The Dead and the Gone by Susan Beth Pfeffer: | flowkit-numecagroup.com: BooksTitle: the dead and the gone. Book 3, This World We Live In will be a direct sequel to both companion books and is to be released in Why did I read this book: I loved the first book so much that I immediately combed all my local bookstores for the dead and the gone. Summary: from amazon. Now this harrowing companion novel examines the same events as they unfold in New York City, revealed through the eyes of seventeen-year-old Puerto Rican Alex Morales. With haunting themes of family, faith, personal change, and courage, this powerful new novel explores how a young man takes on unimaginable responsibilities. So it goes without saying that when I discovered its sister book the dead and the gone had been released earlier this year, I wasted no time getting my hands on a copy, eager to see how it would compare.
The Dead and the Gone by Susan Beth Pfeffer Audio Book
For me, it was interesting to see the same events from a different perspective. Where Miranda and her family dealt with the situation on a farm in rural Pennsylvania, Alex and his young sisters must navigate the Upper West side of Manhattan. Although the situations and catastrophes are the same, the fresh take this novel gave was interesting. Miranda and her family were quite leery of the church, while Alex and his sisters lean on their faith to survive. I had hoped that this audio book would have a more exciting plot — but I found that it was very similar to the original. Although, this was a completely new perspective and setting, the problems were the same. This audio book tends to focus more on the characters in the audio book , and their relationships with others, where Live As We Knew It was more about the actual events.
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Pfeffer's novel Life As We Knew It was created after watching the original film Meteor , noting that "it got [her] thinking about how the people who have the most to lose if the world comes to an end are kids," and wanted to see how her characters would cope with a situation that was out of their control. She playfully mentioned that "I figure with million people alive in the United States, even if I write about 10 people a book, I can still get another 2,, novels out of that meteor, and that should keep me busy and entertained well past the foreseeable future. The Dead and the Gone uses a third-person narrative, while the previous book, Life As We Knew It , used a first-person narrative in a journal format. Asked about the change in narrative, Pfeffer replied quite simply that in her planning processes, she "just could not envision a teenage boy keeping a diary. It's as simple as that," accounting for the change. The Dead and the Gone follows year-old Alex Morales and his sisters, Briana and Julie, in their struggle to survive after an asteroid hits the Moon and knocks it out of orbit, closer to Earth. Taking place in New York, they are plagued with volcanic eruptions , tsunamis and tidal waves, and earthquakes , along with famine caused by food shortages and disease that kill millions of people in the process.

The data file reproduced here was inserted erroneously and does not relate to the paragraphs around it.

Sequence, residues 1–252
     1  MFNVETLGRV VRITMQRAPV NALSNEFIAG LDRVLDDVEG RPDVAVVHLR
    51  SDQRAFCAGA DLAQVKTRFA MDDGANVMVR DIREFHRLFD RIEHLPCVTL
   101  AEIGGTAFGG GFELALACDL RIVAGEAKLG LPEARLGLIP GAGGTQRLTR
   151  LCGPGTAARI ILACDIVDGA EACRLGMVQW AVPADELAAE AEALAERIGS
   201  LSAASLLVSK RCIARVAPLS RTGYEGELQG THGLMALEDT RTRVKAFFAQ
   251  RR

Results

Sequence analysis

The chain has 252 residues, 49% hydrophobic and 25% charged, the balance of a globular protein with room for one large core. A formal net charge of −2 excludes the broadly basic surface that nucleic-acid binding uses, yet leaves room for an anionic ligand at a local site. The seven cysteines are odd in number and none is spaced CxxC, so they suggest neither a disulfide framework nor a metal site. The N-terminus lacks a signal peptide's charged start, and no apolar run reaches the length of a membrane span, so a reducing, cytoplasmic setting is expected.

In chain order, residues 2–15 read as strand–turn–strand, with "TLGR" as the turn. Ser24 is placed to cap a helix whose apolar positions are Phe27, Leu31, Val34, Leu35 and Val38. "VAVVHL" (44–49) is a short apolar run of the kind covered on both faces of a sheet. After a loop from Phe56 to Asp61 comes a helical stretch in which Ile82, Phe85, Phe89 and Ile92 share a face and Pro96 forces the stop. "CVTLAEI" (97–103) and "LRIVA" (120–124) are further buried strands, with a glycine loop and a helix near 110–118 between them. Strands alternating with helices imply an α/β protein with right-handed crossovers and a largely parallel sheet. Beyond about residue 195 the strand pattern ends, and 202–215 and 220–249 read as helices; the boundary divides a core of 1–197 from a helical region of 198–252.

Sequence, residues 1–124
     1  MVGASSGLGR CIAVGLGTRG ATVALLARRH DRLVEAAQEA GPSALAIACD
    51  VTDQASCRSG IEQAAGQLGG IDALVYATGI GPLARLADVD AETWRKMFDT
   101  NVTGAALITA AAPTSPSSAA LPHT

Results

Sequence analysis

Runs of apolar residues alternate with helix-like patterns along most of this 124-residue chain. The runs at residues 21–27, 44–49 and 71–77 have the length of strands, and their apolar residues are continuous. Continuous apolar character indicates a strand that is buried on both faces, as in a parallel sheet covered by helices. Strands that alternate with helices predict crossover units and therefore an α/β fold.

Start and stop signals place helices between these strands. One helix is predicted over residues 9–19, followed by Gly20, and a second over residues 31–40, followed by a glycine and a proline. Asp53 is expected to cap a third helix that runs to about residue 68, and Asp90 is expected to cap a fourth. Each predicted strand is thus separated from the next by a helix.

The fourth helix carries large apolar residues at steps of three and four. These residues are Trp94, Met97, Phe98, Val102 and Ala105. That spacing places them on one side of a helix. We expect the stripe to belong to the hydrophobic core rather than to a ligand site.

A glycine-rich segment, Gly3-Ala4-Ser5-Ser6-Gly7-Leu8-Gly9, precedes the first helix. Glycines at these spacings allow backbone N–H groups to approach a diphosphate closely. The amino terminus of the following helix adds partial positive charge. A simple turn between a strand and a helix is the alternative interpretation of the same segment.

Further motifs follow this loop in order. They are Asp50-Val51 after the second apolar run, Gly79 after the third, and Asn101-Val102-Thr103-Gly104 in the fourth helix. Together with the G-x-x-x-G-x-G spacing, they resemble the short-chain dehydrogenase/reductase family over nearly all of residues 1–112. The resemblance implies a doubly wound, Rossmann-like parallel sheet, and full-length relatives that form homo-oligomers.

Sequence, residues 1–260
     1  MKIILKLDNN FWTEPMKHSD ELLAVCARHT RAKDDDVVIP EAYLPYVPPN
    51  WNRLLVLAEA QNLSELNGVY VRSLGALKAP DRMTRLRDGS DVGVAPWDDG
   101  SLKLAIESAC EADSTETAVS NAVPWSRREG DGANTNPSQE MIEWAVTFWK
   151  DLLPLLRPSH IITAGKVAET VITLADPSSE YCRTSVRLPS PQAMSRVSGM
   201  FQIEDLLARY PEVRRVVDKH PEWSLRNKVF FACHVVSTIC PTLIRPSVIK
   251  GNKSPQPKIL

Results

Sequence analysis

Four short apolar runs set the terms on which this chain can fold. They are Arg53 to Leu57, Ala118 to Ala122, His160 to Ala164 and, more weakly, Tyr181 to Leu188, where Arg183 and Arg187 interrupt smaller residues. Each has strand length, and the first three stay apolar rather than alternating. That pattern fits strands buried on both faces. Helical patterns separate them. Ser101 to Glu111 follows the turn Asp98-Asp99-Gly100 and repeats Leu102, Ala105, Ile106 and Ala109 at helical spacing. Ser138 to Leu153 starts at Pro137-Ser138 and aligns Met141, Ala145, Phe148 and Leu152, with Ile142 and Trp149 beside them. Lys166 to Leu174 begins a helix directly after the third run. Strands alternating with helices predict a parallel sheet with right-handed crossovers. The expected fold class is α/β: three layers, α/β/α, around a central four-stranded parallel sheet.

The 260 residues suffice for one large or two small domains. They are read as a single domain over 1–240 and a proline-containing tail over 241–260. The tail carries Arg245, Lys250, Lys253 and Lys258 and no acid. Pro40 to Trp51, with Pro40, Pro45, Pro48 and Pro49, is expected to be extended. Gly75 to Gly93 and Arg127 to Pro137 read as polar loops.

As riveting as Life as We Knew It and even grittier, this companion novel returns to the premise of that previous book to show how New York City responds to the global disasters that ensue when an asteroid knocks the moon out of orbit. This time Pfeffer focuses on high school junior Alex Morales, whose parents go missing after the catastrophe. It's up to him to find a way to keep himself and his two younger sisters alive while the planet is rocked by famine, floods, freezing temperatures and widespread disease. Once again Pfeffer creates tension not only through her protagonist's day-to-day struggles but also through chilling moral dilemmas: whether to rob the dead, who to save during a food riot, how long to preserve the hope that his parents might return. She depicts death and destruction more graphically than before, making the horror of Alex's ordeal all the more real. Religion also plays a larger role.
Jun 10, Minutes Young Adult Buy. Jun 10, Minutes Young Adult. Now this harrowing companion novel examines the same events as they unfold in New York City, revealed through the eyes of seventeen-year-old Puerto Rican Alex Morales. With haunting themes of family, faith, personal change, and courage, this powerful new novel explores how a young man takes on unimaginable responsibilities. Award-winning author Susan Beth Pfeffer, has written over sixty books for children and young adults. She began her career in , with the publication of her first book, Just Morgan, which she wrote her last semester at New York University.